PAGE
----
One of the reasons we find it easier to ask others rather than ourselves, “Do you really need this stuff?” is that the actual value of anything is primarily a function of our investment in it and/or our interaction with it. We give “stuff” value and meaning.
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Cancer

Does Hope Really Make a Difference? Scientific Findings

Almost everyone has some experience with hope: We hope for the best. We hang on to hope. We despair when we lose hope.

It would seem that hope, which is broadly defined as an emotional state that promotes the belief in a positive outcome, is in inherent in human nature.

Reflections of the importance of hope are found in early mythology, religion, philosophy and literature.

Pandora, although forbidden, opened the box given to her by Zeus, and in a moment, all the curses were released into the world and all the blessing escaped and were lost- except one: hope.

“To have faith is to be sure of the things we hope for, to be certain of the things we cannot see.” ― The King James Version of the Bible

“Hope is a waking dream.” –Aristotle

“Where there is no hope, it is incumbent on us to invent it.” -Albert Camus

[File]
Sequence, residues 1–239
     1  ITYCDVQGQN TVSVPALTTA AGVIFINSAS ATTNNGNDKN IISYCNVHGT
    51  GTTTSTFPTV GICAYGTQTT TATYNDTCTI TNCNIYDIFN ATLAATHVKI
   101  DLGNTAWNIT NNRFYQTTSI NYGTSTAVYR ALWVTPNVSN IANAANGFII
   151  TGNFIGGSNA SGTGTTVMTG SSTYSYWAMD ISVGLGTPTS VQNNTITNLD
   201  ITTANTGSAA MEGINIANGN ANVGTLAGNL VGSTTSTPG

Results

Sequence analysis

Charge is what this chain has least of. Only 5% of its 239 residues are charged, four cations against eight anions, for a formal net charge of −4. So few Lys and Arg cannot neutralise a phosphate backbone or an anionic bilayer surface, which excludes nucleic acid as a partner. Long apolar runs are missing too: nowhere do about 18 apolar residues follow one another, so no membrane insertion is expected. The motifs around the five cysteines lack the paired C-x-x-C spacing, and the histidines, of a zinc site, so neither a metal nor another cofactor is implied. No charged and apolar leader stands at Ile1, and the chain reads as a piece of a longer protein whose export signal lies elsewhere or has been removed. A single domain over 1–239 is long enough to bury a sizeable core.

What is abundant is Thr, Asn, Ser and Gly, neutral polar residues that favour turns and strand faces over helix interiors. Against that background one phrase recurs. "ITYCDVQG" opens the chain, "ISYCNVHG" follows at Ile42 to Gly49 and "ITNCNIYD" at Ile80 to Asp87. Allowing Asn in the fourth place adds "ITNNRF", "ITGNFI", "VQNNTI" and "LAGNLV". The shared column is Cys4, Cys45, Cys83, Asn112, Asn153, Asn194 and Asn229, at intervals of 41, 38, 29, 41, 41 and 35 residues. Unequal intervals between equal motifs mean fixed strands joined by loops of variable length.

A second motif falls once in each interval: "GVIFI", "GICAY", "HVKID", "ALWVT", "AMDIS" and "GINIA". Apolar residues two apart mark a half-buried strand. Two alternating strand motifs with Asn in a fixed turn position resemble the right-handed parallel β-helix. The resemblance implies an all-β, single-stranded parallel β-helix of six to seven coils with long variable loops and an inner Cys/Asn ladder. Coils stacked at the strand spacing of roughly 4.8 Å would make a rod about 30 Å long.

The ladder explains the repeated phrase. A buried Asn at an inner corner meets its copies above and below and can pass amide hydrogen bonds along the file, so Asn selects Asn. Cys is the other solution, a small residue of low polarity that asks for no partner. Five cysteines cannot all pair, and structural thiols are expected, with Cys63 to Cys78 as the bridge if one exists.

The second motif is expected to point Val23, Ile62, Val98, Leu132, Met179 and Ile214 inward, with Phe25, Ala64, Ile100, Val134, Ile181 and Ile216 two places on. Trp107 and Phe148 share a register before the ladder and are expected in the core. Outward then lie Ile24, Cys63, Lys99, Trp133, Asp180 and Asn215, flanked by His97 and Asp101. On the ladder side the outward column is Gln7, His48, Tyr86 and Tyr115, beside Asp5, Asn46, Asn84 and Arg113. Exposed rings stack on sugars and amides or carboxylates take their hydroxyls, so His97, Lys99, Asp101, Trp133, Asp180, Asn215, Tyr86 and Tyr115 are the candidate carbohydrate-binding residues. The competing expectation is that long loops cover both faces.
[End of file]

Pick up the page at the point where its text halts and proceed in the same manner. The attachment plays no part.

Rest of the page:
"Hope is that thing with feathers that perches in the soul and sings the tune without the words and never stops -- at all." -Emily Dickinson

Clearly we need hope, but even as we embrace it we often wonder – Does hope really make a difference? Is it myth, fiction, collective denial?

There is actually increasing scientific evidence that hope changes us psychologically and physiologically - that it makes a difference.
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Anxiety

Important Validation for the Aftermath of Adult Trauma

Many people face a traumatic event in adult life. Be it a serious car accident, combat, rape, a natural disaster or the loss of a child, people are often confronted with a horrific event that threatens death or serious injury to themselves or someone else, or involves the traumatic loss of a friend or loved one.

While such trauma is in itself physically and emotionally assaultive, trauma theorist Robert Stolorow proposes that beyond the actual event, it is the emotions suffered after the event that become the unbearable emotional pain of trauma.

Difficult to articulate and unrecognized by many, the emotional aftermath of adult trauma often goes unvalidated and unhealed.
Drawing upon his own traumatic loss of a young wife, Stolorow reports that in the unreal time that stretches slowly after a trauma, there is an “excruciating sense” of being outside normal life, alone with feelings that no one else can understand.